The systemic problem here is that it shouldn't be possible for a false call to the police to put someone's life at risk.

    I've got a teenage daughter who likes exploring abandoned buildings. (There are whole websites dedicated to this [detroiturbex.com], and we're thinking about taking a trip to go on some of the tours at that link.) A couple of years ago she and a friend were picked up by the police as they were leaving one.

    When I went in to pick her up, an officer gave her a lecture about how dangerous it could be. "We could show up and think there are drug dealers or gang members in there and you could get shot."

    Hold on there! You're telling a teenager that something is dangerous, and it's not the drug dealers or gang members she should be worried about, but the police? On the one hand, thanks for the honesty. But Jesus Tap-dancing Christ don't you think that indicates a problem?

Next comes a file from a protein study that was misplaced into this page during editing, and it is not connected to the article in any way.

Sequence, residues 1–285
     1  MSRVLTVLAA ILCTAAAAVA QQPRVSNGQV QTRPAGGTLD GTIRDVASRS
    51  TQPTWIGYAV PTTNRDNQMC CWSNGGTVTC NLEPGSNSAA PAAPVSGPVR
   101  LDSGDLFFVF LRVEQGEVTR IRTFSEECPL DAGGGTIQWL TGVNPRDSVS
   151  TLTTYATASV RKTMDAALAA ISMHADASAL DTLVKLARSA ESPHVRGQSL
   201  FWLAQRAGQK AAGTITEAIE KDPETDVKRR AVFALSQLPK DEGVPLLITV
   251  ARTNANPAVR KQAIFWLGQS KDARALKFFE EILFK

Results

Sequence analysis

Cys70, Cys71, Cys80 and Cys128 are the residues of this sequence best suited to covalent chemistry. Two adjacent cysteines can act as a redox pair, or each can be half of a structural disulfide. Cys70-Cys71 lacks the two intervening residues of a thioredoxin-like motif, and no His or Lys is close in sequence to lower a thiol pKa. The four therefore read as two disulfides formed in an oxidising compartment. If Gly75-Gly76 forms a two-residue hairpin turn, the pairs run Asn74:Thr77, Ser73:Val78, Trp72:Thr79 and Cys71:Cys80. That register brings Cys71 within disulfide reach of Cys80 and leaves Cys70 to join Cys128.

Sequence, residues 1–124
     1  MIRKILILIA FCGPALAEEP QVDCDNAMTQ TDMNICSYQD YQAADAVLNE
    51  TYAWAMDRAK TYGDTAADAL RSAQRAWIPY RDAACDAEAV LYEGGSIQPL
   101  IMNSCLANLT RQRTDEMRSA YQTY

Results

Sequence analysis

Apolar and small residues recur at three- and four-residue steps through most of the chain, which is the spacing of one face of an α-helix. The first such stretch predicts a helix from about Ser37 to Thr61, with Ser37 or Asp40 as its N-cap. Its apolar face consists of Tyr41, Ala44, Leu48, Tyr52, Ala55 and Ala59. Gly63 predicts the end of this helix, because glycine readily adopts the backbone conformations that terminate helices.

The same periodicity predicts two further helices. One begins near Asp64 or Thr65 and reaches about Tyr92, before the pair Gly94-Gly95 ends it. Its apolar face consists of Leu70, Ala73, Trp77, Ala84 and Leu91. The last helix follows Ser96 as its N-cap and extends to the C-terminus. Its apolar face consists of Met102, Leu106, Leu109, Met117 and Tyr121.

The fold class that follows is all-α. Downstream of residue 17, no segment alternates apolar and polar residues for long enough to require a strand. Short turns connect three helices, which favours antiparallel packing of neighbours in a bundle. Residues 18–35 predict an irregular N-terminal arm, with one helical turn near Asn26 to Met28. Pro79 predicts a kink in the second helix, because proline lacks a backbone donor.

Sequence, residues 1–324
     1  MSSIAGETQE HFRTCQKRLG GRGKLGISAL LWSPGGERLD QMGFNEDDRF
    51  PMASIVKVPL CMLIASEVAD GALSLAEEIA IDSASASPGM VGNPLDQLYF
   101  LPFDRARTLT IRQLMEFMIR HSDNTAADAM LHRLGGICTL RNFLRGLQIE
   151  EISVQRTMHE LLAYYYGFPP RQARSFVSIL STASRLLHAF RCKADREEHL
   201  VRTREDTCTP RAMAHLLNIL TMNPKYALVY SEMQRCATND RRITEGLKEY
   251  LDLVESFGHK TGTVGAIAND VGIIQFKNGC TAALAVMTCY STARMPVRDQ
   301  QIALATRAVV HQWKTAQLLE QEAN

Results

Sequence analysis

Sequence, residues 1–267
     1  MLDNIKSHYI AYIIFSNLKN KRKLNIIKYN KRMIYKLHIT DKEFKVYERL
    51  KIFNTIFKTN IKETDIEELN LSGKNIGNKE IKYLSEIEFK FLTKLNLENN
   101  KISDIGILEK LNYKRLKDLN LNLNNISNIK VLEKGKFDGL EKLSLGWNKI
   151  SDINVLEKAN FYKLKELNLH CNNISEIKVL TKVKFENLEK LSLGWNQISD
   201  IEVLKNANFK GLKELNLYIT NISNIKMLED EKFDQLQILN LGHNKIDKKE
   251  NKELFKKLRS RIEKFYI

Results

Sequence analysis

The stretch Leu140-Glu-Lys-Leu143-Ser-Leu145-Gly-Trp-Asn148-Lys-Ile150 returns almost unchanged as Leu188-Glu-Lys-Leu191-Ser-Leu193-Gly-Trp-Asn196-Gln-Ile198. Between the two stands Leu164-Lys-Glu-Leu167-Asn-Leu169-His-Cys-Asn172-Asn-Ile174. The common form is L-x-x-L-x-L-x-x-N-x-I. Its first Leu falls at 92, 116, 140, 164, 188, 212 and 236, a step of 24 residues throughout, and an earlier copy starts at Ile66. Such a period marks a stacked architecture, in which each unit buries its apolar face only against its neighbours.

• Slashdot posted the study the other day. This is unbelievable.

  • As a gamer, I hope their eventual probation or parole involves every gamer they come in contact with teamkilling them mercilessly and twich'ing every single instance.

    • As a gamer, I hope their eventual probation or parole involves every gamer they come in contact with teamkilling them mercilessly and twich'ing every single instance.

      Obviously these kids aren't mature enough to play multiplayer games, and should have that right taken away from them. It's not even in the constitution, and rights which are in there are taken away from people all the time.

      If these children can't play games without escalating to swatting, or giving someone else's address to a swatter because ha ha won't this be fun, then they shouldn't get to play games.